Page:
Why would anyone expect him to come out smarter? He went to prison for three years, not Princeton.
We judge ourselves by what we feel capable of doing, while others judge us by what we have already done.
Nothing can be more abhorrent to democracy than to imprison a person or keep him in prison because he is unpopular. This is really the test of civilization.
Women have worked hard; starved in prison; given of their time and lives that we might sit in the House of Commons and take part in the legislating of this country.
The best situation of all, and one frequently utilized, is for jails and prisons to allow volunteer ministers of all faiths to enter prisons and offer their services to the inmates who want them. That way, the religious needs of inmates are met but without government funds being spent.
The degree of civilization in a society can be judged by entering its prisons.
If we were brought to trial for the crimes we have committed against ourselves, few would escape the gallows.
I was put into jail as I was going to the shoemaker's to get a shoe which was mended. When I was let out the next morning, I proceeded to finish my errand, and, having put on my mended shoe, joined a huckleberry party, who were impatient to put themselves under my conduct; and in half an hour -- for the horse was soon tackled -- was in the midst of a huckleberry field, on one of our highest hills, two miles off, and then the State was nowhere to be seen.
When I was in prison, I was wrapped up in all those deep books. That Tolstoy crap - people shouldn't read that stuff.
There are dreadful punishments enacted against thieves; but it were much better to make such good provisions, by which every man might be put in a method how to live, and so to be preserved from the fatal necessity of stealing and dying for it.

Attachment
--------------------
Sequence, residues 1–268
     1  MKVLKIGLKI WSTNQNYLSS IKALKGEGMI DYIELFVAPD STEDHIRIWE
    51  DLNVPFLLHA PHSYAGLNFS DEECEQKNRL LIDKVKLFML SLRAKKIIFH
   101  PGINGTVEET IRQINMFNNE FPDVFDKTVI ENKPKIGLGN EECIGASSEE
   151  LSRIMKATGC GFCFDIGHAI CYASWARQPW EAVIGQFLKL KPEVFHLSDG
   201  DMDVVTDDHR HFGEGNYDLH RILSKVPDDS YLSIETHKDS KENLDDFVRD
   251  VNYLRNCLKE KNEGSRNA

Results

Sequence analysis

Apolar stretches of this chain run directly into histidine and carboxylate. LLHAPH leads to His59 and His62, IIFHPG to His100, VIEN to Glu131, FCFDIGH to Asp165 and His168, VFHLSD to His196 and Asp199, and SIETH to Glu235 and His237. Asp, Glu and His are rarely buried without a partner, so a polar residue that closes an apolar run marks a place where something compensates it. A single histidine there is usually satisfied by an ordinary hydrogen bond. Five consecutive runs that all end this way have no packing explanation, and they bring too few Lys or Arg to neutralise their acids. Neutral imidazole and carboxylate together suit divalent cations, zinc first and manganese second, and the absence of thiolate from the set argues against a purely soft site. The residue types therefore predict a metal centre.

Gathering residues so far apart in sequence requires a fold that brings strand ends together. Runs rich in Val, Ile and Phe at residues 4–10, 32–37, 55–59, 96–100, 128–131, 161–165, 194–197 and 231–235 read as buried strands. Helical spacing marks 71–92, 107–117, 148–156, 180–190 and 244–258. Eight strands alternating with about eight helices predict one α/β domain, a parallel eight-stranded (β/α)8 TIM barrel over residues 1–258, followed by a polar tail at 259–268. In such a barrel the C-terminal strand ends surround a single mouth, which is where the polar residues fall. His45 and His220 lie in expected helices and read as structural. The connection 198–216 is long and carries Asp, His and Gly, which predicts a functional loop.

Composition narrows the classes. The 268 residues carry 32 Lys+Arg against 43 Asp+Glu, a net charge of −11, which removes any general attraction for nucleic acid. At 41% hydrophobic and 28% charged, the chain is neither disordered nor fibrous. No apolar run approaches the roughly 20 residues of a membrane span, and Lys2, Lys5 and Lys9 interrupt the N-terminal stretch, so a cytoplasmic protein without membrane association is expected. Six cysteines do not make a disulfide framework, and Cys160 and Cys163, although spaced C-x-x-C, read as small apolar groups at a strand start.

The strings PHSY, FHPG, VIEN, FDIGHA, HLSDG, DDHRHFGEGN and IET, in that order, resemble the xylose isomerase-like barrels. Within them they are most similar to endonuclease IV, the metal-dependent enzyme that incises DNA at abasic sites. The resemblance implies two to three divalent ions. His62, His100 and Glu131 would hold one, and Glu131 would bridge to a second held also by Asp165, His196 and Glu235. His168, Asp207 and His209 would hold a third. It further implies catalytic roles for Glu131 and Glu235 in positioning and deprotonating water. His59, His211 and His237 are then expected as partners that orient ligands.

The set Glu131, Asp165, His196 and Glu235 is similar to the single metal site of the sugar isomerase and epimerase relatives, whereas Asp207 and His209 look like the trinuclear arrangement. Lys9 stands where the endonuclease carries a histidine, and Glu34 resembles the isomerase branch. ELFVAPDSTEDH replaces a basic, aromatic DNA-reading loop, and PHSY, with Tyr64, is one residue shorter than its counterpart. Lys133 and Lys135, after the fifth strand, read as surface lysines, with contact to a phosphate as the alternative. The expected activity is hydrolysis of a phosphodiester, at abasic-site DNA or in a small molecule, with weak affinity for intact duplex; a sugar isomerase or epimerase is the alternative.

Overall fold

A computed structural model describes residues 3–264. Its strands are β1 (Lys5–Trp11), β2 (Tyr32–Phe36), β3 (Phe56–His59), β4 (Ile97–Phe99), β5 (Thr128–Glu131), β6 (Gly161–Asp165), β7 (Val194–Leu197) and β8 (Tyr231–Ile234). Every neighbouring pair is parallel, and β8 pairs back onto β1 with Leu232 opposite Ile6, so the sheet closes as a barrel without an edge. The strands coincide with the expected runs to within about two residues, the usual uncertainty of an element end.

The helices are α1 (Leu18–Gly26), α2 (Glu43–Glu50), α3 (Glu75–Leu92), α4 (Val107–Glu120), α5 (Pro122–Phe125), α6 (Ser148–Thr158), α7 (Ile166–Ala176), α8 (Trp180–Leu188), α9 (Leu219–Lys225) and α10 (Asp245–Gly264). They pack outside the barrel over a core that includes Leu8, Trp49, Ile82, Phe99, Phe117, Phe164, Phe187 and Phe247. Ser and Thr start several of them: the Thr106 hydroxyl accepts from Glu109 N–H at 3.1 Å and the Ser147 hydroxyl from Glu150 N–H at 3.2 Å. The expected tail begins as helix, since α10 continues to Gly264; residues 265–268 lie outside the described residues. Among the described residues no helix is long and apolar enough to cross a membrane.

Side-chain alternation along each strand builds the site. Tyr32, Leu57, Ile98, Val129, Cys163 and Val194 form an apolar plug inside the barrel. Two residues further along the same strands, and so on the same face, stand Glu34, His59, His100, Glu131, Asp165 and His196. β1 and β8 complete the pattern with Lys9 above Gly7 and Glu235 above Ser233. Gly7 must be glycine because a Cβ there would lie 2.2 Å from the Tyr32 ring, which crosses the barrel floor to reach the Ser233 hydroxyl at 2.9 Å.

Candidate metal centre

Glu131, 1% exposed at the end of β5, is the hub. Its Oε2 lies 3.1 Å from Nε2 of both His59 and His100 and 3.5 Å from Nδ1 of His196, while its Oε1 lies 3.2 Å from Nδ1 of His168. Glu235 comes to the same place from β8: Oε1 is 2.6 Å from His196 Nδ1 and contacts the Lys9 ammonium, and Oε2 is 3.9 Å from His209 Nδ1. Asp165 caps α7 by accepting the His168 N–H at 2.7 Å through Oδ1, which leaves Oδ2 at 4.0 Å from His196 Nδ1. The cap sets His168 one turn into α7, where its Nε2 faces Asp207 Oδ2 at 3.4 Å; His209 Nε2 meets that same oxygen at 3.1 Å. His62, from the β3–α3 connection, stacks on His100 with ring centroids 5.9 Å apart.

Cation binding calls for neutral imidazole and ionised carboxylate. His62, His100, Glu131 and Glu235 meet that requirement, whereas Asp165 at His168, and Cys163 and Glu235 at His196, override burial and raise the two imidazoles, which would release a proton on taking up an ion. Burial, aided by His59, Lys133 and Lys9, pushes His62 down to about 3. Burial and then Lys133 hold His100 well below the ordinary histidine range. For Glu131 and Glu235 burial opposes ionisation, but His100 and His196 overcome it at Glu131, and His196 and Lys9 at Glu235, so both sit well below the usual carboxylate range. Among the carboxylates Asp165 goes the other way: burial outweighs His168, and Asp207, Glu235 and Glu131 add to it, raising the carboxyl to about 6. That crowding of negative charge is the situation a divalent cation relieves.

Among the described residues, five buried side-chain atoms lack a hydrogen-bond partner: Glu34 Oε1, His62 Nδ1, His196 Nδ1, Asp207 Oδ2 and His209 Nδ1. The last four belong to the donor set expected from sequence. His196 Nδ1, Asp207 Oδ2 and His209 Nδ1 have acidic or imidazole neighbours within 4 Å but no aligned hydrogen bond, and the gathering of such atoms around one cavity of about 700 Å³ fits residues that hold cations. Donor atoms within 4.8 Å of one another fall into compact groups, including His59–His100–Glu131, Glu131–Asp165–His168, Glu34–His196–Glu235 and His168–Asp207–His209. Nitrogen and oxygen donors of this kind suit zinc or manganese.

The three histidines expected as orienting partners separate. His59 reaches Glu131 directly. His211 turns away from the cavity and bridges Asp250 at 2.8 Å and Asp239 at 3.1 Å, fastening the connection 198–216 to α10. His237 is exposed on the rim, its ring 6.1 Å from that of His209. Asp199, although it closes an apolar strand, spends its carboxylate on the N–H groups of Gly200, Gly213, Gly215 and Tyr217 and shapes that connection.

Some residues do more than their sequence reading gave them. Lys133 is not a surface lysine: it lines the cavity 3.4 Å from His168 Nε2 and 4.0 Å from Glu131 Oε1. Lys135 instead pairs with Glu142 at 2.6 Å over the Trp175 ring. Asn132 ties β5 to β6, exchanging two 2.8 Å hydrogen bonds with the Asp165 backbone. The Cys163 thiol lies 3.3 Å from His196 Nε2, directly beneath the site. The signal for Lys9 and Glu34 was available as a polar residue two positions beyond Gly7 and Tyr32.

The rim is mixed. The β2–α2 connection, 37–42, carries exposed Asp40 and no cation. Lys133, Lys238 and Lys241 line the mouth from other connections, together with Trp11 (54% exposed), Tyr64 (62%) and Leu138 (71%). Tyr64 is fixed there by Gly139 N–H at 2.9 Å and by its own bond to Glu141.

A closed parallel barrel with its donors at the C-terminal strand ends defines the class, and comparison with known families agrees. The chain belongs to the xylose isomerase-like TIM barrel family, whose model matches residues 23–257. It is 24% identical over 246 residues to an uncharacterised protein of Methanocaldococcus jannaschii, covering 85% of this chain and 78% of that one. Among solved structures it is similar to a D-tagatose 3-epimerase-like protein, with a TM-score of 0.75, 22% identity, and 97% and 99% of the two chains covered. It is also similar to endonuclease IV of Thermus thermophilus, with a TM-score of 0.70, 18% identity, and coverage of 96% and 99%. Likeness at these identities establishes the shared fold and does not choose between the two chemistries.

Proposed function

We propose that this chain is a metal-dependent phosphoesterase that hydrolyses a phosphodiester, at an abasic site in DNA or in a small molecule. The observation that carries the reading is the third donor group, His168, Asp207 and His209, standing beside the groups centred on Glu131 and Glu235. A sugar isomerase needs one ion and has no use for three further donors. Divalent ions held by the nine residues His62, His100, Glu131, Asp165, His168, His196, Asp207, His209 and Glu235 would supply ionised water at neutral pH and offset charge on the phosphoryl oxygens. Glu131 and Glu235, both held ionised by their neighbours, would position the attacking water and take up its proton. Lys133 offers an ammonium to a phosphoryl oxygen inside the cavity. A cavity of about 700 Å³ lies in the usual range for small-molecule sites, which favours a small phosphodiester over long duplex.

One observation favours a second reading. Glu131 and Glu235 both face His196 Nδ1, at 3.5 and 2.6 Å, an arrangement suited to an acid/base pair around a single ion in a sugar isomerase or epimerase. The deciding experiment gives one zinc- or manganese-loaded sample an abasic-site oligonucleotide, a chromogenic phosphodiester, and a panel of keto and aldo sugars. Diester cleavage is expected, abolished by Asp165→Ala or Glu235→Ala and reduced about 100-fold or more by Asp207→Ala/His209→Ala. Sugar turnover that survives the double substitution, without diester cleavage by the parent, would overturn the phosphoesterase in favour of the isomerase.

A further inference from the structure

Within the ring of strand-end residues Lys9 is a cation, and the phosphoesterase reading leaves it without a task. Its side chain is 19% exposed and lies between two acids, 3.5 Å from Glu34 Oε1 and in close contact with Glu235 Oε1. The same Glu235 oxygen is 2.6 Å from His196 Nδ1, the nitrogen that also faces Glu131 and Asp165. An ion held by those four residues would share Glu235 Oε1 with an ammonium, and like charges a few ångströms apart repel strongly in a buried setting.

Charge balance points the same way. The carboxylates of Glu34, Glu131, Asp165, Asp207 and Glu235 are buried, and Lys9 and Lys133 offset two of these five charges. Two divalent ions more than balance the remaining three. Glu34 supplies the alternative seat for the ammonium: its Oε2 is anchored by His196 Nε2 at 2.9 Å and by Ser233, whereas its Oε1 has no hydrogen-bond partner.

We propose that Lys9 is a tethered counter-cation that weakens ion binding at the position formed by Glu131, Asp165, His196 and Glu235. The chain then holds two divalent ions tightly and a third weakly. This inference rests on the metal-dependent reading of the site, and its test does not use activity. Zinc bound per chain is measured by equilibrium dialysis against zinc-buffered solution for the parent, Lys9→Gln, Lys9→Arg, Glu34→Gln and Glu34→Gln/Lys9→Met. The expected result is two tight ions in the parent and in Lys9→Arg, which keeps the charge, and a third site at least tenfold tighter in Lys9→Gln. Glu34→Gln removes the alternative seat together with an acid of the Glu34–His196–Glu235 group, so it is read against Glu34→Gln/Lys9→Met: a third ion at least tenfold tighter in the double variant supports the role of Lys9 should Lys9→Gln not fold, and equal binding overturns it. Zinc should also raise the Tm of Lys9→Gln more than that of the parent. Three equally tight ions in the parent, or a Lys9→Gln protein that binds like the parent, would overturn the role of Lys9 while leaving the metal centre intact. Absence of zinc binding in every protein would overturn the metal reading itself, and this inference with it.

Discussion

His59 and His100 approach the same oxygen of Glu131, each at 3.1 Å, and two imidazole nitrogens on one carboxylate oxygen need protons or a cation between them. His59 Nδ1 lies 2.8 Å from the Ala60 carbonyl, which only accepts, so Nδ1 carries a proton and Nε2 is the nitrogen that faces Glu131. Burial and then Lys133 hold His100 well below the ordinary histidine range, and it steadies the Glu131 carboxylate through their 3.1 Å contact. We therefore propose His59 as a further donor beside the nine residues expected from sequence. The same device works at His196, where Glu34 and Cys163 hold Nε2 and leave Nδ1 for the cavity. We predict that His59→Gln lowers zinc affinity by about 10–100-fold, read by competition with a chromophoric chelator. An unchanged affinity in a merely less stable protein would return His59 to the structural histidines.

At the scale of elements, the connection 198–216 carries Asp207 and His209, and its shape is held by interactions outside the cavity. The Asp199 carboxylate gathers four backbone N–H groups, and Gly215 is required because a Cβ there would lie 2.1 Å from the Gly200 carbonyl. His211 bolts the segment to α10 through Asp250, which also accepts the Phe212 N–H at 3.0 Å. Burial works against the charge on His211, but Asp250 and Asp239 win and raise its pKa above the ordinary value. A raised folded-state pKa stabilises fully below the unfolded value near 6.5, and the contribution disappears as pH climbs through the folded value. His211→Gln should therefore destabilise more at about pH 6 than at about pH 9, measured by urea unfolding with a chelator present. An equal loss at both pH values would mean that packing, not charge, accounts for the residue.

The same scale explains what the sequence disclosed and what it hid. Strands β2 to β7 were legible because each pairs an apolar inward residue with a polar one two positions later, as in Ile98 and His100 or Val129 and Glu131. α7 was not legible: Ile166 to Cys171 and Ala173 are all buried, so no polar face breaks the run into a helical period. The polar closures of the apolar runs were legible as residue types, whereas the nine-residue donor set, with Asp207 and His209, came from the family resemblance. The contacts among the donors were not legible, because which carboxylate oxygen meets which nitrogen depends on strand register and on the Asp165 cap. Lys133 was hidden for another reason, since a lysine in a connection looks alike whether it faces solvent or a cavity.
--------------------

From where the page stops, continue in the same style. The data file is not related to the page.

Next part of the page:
Kill a man, and you are an assassin. Kill millions of men, and you are a conqueror. Kill everyone, and you are a God.
America is the land of the second chance – and when the gates of the prison open, the path ahead should lead to a better life.
In jail a man has no personality. He is a minor disposal problem and a few entries on reports. Nobody cares who loves or hates him, what he looks like, what he did with his life. Nobody reacts to him unless he gives trouble. Nobody abuses him. All that is asked of him is that he go quietly to the right cell and remain quiet when he gets there. There is nothing to fight against, nothing to be mad at. The jailers are quiet men without animosity or sadism.
Mere factual innocence is no reason not to carry out a death sentence properly reached.
To make punishments efficacious, two things are necessary. They must never be disproportioned to the offence, and they must be certain.
When you are younger you get blamed for crimes you never committed and when you're older you begin to get credit for virtues you never possessed. It evens itself out.
Most people fancy themselves innocent of those crimes of which they cannot be convicted.
Prison continues, on those who are entrusted to it, a work begun elsewhere, which the whole of society pursues on each individual through innumerable mechanisms of discipline.
I am certain that nothing has done so much to destroy the juridical safeguards of individual freedom as the striving after this mirage of social justice.